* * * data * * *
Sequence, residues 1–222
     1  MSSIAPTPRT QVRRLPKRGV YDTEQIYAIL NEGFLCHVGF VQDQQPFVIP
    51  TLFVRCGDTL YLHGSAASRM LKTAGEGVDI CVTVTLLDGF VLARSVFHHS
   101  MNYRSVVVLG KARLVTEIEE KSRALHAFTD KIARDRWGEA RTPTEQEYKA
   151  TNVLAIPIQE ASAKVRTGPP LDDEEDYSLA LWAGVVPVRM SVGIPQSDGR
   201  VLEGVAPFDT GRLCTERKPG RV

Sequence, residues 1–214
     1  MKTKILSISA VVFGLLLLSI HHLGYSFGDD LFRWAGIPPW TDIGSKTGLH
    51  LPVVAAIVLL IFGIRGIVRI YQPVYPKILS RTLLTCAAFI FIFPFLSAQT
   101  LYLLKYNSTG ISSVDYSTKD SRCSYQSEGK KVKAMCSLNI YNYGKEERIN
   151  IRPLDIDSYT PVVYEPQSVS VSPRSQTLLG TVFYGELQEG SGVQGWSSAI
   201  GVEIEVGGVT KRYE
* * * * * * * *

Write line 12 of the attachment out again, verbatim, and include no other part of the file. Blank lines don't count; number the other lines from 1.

   201  GVEIEVGGVT KRYE